|Your every move is being watched.|
Six weeks ago we went out for breakfast. We chose a spot that was typical Melbourne; hidden in a small alley, this place had great food, good coffee and was bustling with comings and goings.
In fact, it was very bustling. The music was loud, the talk at the tables around us was loud. No one seemed to notice any of it. Until we arrived.
My older daughter is four years old and the picture of childhood happiness: energetic, enthusiastic, playful and carefree. She is (much to my delight) neither shy nor quiet. She is well-behaved and good mannered.
And it was in this noisy environment that she gave a loud laugh and a bit of a song. The people sitting at the table across from us looked up and shook their heads at me. I smiled. My girl laughed again, and again these people looked at me, this time saying, "That's rude." I couldn't even hear them, the place was so loud, but I could read their lips. I responded with a smile and a shake of my head: "No," I said, "YOU are rude." (I'm not one to back off from confrontation.)
A similar thing had happened the previous week when, in the supermarket, my daughter had expressed her enthusiasm for Christmas. Was she loud about it? Yes. Was it offensive? I didn't think so. Were we in a quiet, intimate environment? No, this was a busy Coles in a busy shopping centre. And yet a couple of people looked at her, frowning and shaking their heads.
A couple of weeks ago there was a big outrage over some remarks made on morning television. Some man had decided to enforce the 'rules' around breastfeeding. By all means, he said, go ahead and feed your baby in public but please, move away from everyone. Yes, that is a total contradiction, and no, he apparently doesn't realise how isolating and lonely motherhood can be.
This outrage had followed on from a mother being asked to remove herself from a public place while breastfeeding. And the debate that followed was raging... except that, to my mind, this is not an issue for debate or opinion. A baby needs feeding, so you feed him/her. That's it. End of discussion.
Somewhere in this timeframe one of the biggest news stories online became about children eating out with their parents. Riveting stuff, but everyone had an opinion and plenty of rules to be laid out. (Adults can be as loud as they please, but no noise from a child.)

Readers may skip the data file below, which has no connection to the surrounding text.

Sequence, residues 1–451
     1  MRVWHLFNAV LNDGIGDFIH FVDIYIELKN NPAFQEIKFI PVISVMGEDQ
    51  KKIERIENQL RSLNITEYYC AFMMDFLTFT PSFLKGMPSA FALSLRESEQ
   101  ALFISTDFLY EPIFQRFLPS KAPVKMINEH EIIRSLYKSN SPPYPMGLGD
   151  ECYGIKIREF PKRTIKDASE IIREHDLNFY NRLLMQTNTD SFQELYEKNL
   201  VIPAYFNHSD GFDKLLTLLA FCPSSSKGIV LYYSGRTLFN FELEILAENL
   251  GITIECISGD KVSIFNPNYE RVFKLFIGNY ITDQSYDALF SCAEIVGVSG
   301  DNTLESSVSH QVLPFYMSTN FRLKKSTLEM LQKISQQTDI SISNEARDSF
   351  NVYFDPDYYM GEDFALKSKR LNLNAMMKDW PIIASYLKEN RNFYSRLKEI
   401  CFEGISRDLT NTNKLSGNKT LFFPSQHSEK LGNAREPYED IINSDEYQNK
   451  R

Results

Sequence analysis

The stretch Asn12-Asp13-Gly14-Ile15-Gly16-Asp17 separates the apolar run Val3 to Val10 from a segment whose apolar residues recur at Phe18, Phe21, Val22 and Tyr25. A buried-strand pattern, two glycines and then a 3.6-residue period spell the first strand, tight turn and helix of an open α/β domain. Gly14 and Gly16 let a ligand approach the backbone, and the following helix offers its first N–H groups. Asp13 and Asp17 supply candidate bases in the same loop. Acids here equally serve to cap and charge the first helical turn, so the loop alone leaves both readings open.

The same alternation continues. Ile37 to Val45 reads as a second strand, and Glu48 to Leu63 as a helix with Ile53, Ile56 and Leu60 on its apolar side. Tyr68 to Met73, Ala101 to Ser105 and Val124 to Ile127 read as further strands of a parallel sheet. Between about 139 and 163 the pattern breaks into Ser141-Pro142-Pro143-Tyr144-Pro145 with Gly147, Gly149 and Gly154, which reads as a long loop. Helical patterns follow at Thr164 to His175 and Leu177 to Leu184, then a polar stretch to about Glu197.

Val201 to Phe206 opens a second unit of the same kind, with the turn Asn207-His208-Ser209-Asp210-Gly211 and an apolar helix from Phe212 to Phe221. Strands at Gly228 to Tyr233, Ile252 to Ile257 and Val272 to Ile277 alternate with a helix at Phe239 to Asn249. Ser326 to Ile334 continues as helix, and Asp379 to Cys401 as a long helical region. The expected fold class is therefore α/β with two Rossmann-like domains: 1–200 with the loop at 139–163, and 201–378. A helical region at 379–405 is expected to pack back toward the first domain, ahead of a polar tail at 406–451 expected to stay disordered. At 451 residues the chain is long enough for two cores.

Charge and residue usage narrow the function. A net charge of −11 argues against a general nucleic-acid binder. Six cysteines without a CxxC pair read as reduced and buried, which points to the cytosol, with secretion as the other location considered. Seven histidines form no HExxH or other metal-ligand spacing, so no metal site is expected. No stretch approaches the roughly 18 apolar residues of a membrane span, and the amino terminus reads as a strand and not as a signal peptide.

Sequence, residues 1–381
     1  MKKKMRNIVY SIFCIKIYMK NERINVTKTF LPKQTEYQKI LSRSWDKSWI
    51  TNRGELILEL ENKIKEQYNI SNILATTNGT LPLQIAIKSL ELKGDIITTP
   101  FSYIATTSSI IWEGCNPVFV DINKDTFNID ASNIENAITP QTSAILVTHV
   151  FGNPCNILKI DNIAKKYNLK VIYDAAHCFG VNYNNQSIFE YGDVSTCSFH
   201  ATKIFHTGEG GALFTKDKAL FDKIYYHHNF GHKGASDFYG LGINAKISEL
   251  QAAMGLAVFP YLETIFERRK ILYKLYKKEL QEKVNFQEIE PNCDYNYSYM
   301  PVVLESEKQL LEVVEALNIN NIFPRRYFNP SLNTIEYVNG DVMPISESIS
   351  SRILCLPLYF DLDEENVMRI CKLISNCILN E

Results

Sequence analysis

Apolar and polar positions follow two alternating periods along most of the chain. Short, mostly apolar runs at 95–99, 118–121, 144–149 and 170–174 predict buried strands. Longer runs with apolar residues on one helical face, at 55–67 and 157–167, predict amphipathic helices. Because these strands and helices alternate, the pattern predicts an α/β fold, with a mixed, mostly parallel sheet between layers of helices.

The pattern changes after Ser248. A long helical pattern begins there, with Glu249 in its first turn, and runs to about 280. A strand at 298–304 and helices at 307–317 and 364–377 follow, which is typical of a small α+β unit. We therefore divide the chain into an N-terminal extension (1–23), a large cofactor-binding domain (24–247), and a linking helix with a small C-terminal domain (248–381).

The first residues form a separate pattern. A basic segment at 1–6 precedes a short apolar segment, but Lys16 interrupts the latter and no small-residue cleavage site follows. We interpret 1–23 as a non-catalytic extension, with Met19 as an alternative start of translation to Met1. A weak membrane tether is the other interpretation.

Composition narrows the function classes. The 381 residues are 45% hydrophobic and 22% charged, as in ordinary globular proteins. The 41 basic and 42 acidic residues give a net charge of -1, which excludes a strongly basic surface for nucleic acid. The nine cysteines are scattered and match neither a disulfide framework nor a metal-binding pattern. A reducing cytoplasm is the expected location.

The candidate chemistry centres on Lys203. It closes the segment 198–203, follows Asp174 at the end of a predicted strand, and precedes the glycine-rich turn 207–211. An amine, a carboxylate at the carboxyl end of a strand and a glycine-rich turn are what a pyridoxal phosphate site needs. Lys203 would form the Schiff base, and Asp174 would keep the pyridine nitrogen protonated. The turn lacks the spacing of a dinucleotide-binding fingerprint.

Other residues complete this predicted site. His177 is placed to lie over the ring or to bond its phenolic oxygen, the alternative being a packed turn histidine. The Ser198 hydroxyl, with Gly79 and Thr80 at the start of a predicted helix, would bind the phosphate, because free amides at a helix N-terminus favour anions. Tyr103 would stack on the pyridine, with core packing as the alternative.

And then, in my final point, I saw the news on television this week. A story about a mother crossing a busy road with her two children came on. (Don't we have better things to report on?) It turned out the mother had a younger child in a pusher and an older child walking with her. The light indicated it was time for them to cross (I assume) and so they stepped out onto the road - and it was at this point that a truck driver decided to record them doing so. This was because he had seen that the older child was lagging behind the mother.
I don't know - and odds are that the driver recording this didn't either - if the mother was calling out to hurry her child along, or what was going on. But one thing was clear: she needed to get the kids and herself off that road before the lights changed, and when they named the particular intersection on the news I was told by others watching with me that it's impossible to get across that road within the time of the little green man's presence. Let alone with two kids in tow.
So there they are on the news, showing this video and declaring that this mother was abandoning her child as he ran a couple of metres behind her. The mother obviously wanted him to be run over, was the insinuation.
It's true he was almost run over - because the minute the lights changed the cars started moving. Never mind that there was a child directly in front of them.
Next, the journalists are taking to the streets, showing this video to random people and asking them to comment - to which they all agreed that this mother was horrible and awful and unfit to be a parent. I'm not here saying that the mother was right or wrong.
What I want to know is when did judging mothers become our new national sport?
Since when did it become okay to discuss at length the way a mother reacts to a situation? When did it become okay to watch parents so closely, just waiting for them to stuff up?
Why were the motives of the truck driver filming not questioned? The other drivers almost running over the child?
If people were so 'concerned' why didn't they jump out and help, rather than film the situation to have comment passed on?
When did a child laughing loudly become offensive?
When did 'live and let live' become 'live and let all parents and children shrivel up and die beneath my glare'?
When did parents lose their societal right to follow their instincts and instead have themselves put up for constant criticism?
When did we start assuming the worst of children, as though they are about to race around destroying everything rather than just looking or talking?
Why does it feel like all this judgement is gaining momentum?